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    Nice writeup. I’ve always heard that Git doesn’t handle files (with names), but handles obiects. How does that relate to this? Are file names just tags to an ‘object’, for which you change the tag on rename? And does committing make git resolve these names to these objects first?

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      (Simplified) Git has multiple kinds of objects, one is a blob of content, addressed by its hash, another is a tree which is a list of file names associated with a blob’s hash, and yet another is a commit which is a commit message, a tree addressed by its hash, and zero or more parents addressed by their hash.

      These are all immutable, so you don’t change a tag, you create a new commit with a new tree and whose parent is the “previous” commit, and you make that your active commit (HEAD) which is again just addressing the commit object by its hash.

      Renames are a function of presentation of the data, if you ask it to look at two trees (do a diff) and one has a file a and the other has a file b and they both point at the same blob (their contents have the same hash), git is going to infer that they were renamed (whether that’s what happened or not).

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        Oh hey does that mean that git deduplicates its storage of identical files for free? (Obvs not in the working tree, but in the .git directory.) Since they’ll have the same hash, it can just have the same blob referred to from multiple points in a single tree?

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          Yep.

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        This utility is quite nice to explore the underlying data structure:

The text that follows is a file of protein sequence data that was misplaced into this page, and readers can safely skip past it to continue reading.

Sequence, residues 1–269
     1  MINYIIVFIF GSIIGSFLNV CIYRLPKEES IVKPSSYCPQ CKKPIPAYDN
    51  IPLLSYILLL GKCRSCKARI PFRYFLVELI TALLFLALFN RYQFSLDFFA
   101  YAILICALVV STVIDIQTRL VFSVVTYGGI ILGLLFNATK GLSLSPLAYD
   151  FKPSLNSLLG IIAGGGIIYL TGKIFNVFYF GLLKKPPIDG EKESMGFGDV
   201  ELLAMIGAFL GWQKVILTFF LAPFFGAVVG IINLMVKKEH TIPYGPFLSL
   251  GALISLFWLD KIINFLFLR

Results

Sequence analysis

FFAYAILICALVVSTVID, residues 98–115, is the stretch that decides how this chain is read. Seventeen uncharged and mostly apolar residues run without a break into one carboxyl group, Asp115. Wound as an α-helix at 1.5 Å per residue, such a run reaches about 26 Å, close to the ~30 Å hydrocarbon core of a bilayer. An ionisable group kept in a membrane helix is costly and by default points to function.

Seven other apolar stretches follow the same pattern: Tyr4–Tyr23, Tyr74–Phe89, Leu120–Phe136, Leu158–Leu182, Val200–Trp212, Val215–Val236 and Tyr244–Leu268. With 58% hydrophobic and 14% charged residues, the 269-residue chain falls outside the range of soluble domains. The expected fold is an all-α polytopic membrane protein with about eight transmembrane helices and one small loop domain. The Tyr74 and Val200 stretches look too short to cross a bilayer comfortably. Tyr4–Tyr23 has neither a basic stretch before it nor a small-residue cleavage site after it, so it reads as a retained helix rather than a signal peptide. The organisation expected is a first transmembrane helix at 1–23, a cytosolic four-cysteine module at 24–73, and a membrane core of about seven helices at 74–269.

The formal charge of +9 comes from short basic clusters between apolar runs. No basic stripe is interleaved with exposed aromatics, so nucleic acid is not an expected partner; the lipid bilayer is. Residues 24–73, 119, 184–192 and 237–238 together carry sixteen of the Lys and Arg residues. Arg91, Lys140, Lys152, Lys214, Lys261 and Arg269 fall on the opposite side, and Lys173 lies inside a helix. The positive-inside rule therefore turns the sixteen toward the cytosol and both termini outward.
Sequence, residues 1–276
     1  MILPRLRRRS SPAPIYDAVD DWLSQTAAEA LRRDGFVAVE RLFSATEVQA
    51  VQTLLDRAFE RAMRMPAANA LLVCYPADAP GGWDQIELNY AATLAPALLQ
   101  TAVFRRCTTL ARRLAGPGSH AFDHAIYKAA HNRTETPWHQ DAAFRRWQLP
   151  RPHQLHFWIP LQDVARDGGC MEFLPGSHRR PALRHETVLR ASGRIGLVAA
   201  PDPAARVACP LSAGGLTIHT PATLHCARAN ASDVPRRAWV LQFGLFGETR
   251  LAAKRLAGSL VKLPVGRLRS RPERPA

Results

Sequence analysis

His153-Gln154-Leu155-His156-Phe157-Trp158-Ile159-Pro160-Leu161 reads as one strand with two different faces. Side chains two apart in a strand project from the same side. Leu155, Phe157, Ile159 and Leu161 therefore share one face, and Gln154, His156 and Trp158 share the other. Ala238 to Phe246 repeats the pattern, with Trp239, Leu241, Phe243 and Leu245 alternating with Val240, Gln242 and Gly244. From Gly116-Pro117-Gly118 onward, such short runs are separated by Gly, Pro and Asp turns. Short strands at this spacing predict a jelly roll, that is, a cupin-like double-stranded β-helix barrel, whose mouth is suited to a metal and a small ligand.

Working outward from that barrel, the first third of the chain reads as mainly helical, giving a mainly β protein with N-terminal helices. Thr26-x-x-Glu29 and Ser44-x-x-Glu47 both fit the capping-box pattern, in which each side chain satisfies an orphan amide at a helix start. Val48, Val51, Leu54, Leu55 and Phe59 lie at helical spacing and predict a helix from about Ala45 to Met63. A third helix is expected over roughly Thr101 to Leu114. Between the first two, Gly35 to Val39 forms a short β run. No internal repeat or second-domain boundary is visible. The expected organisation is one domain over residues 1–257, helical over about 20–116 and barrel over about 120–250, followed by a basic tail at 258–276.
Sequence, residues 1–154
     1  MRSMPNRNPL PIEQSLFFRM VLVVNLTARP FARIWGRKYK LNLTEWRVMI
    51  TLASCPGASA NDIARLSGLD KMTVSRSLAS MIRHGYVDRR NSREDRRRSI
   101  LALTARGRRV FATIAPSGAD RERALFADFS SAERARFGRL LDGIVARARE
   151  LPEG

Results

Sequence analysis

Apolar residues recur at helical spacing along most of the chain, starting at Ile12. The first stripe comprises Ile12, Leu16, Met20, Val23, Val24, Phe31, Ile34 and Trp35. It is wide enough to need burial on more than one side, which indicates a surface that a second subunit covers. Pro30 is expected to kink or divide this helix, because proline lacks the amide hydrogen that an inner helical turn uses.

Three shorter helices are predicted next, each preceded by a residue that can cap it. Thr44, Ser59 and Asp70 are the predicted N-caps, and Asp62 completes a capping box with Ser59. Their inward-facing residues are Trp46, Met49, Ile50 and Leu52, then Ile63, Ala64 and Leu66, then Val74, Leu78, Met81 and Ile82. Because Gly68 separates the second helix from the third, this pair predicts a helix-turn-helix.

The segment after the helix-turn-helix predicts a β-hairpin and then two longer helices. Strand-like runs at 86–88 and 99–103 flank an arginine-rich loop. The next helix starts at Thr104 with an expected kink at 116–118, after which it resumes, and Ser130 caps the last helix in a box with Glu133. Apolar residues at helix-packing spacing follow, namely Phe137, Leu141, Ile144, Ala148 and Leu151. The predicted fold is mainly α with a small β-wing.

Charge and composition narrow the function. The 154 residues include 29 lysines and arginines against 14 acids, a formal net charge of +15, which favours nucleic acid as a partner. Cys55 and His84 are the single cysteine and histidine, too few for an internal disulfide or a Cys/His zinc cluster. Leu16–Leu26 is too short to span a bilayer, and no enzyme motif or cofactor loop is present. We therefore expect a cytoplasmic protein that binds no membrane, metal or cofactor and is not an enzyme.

$ git ls-tree HEAD
        <snip>
        100644 blob 5caf2e89168505c24ad1e3146fd029929f27487a	main.go
        040000 tree d0357c0f78bab0bd5dbb19f7d805bcb987ce74a6	man
        040000 tree 1ce4d49aa464dfdfe0314b0937e2a203dacdc96e	nix
        100644 blob 0959aae462cbec0d6e1cd1d7691f1262350989ee	rc.go
        <snip>
        $ git ls-tree HEAD man/
        100644 blob b5b49633b7fe4cb364b476ad7255575e4e515765	man/direnv-stdlib.1
        100644 blob 57ff9cb23b73219eeac2317c2d4f52ed0cdbaf59	man/direnv-stdlib.1.md
        100644 blob b4a2fa2e806593c80dfbf5b0ad325303635ca74a	man/direnv.1
        100644 blob e180e462681bf41c458c47e85470cd2e882c3899	man/direnv.1.md
        100644 blob 763d8b9e0383ca9f2ae6d1433aaafbad1753f406	man/direnv.toml.1
        100644 blob 1487278964fd7d98c1200c01cbd020ab0953647e	man/direnv.toml.1.md
        

        see also git cat-file

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          Git stores a directory as a list of (<name>, <hash>) pairs. The hash of that list is stored in the parent directory (along with the directory name).

          When you edit app/foo.sh and commit, foo.sh gets a new hash. The listing for app includes this new hash. The root directory entry for app also gets a new hash by the same process.

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          Perhaps I shouldn’t pay it much mind, but I’m not a fan of the “juicy gossip” section:

          After 25 years he finally stepped away from leadership on the Linux kernel in part, we’re told, precisely to address his pattern of vicious verbal abuse toward other technologists.

          I find this a bit misleading as it doesn’t mention that it was only temporary.

          On “renames don’t matter”: I think renames matter, but more importantly, so does Linus. … I found five commits exclusively or chiefly devoted to renaming a command or a module in git itself. If Linus really thought renames didn’t matter, he wouldn’t rename things.

          It’s a reminder: what people say in this industry often won’t hold up to research.

          I don’t think he was saying that renames themselves literally don’t have any use; he was saying that tracking renames doesn’t matter to him. After all, he also said that “files don’t matter” and he created an entire kernel based on the concept that everything is a file. :P

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            I thought git mv was more explicit while renaming. I guess the automatic nature of log --follow and diff -M are helpful when you forget to mark a move. I do mark moves explicitly in mercurial either when doing it or after the fact with hg rename -A.

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              Which makes sense, incidentally, because Mercurial does track renames (and copies!) explicitly in the manifest. Git is the only SCM I’m aware of that deliberately takes an explicit design stance against tracking renames. (Lots of others, e.g. CVS, don’t track renames, but they don’t call that out as a feature.)